Most of Europe, Budapest included, closes down for Christmas about noon on the 24th. So get all your shopping done before or after. But the best restaurants are open Christmas Eve, Christmas Day and New Year’s Eve and Day. This year we spent Christmas Day at the Bathhouse. 40F outside but the water was 80F in the outside pool. The family had a great time. Christmas Eve Dinner was in a restaurant in Buda that has this commanding view across the Danube to Pest. Budapest at night is stunning. Christmas Day dinner was in a Hungarian fare restaurant complete with gypsy music. There are a couple of these places that are really well done and a few that are not so good. While we are on food, the kids (about the age of your kids) always insist on a place in a basement with the belly dancer and the guys with swords and great platters of (actually really good) food that you sort of eat in a hedonistic manner. The wife tolerates it once a year. Budapest has remarkably good food in a remarkable number of restaurants.
At a higher level of consciousness the Opera House is one of the most beautiful in town and has the Nutcracker and some less obvious programs including a New Year’s Eve Gala that requires another bag for the tux and evening gown; but worth it. The opera is one of several performance venues in town. Opera, Dance, Ballet, Musicals (with English subtitles), concerts, Jazz Clubs. Budapest has about the same population as my home town, but 10 x the performance venues; and they are more for local consumption than tourism. Something that sets Budapest apart from places like Vienna (you are actually surrounded by Hungarians, not the O’Malley sisters from New Jersey).
There are some world class museums if you are into that. Generally the rail service will run a steam engine to someplace interesting as a day trip.
Budapest is famous for Ruin Pubs and while they use to be a sort of seasonal thing they stay open year long. Your kids might enjoy them. I like the Wine Bars better. Hungarian wine can be pretty good.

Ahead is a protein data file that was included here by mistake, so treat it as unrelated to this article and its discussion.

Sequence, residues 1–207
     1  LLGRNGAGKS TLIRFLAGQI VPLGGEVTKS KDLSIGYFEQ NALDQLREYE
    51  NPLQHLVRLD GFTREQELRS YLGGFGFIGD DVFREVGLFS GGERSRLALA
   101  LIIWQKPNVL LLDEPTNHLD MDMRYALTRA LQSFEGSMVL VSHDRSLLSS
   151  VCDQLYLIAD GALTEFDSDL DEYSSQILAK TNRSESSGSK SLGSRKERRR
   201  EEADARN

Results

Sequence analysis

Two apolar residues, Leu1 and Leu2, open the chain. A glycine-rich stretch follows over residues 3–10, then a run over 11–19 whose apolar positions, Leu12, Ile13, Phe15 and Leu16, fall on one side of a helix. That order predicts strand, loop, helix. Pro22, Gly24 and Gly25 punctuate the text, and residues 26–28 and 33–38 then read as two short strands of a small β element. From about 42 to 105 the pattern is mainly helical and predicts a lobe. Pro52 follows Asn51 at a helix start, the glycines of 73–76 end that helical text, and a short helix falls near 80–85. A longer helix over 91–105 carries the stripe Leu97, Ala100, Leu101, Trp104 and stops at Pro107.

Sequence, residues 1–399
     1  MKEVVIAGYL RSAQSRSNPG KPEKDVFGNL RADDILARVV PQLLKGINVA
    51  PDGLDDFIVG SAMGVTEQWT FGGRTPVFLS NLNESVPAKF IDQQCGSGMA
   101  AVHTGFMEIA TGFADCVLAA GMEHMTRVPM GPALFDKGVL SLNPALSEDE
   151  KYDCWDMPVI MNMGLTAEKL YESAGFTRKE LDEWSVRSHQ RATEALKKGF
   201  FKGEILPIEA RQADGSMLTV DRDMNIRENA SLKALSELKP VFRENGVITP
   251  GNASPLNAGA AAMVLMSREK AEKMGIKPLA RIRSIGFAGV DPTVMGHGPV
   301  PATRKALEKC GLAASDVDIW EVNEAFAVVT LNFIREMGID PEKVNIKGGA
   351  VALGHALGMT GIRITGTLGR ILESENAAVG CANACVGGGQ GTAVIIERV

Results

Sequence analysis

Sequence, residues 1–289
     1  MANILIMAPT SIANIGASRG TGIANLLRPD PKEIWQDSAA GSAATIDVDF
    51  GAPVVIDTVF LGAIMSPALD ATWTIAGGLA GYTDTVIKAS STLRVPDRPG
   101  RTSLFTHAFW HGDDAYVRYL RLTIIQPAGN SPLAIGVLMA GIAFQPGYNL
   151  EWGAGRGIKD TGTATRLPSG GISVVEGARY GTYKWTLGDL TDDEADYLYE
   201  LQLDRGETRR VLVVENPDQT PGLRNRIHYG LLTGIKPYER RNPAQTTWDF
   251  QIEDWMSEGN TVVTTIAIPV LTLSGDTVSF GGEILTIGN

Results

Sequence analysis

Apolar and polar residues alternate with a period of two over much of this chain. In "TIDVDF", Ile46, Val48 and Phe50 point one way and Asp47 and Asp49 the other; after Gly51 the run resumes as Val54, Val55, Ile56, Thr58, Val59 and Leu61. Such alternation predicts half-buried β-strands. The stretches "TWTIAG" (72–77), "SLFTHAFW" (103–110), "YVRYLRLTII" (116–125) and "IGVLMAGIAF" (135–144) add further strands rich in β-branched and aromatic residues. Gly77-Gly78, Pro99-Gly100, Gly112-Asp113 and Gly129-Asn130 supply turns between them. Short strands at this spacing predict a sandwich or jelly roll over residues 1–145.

Finally the Christmas Markets. They do them really pretty well. Each vendor has to vet his products with a committee. This way the imported junk is kept out. Its almost entirely crafts and local products and lots of good hot food on a cold evening.
Unlike Prague where the tourism is in a tightly defined zone Budapest is pretty spread out. You go to Prague to see Old Town, you go to Budapest to “experience” the city. But if you pick your accommodations wisely you can be within 10 minutes of 90% of the sights and the beauty of Budapest. 90% of the time it will be a short walk or a sightseeing ride on one of Budapest’s great trams. These are fun.
Go browse the Hungary Forum for more information. https://community.ricksteves.com/travel-forum/hungary/interesting-recoomendations-shorts
As for Vienna and Prague? I love Prague and I sort of like Vienna. But there are those here that can give you better advice than I can on them.
No one has mentioned Edinburgh for New Years! The Scots do more to celebrate Hogmanay--New Year's--than they do Christmas. They have a big party in Edinburgh. But you can also find celebrations in smaller towns and villages.
I like James itinerary... Have been to all these places a few times in the summer, but I am sure it is as amazing, if not more in the winter. More intimate and cozy... Just dress in layers and as for the shorter daylight hours, I tend to like that. You get to see the lights of the cities earlier... beautiful!
Basically you sleep late and play all night.
If you rent an apartment there was a hotel restaurant that will deliver a Christmas goose with all the fixings ...... but I would rather go out.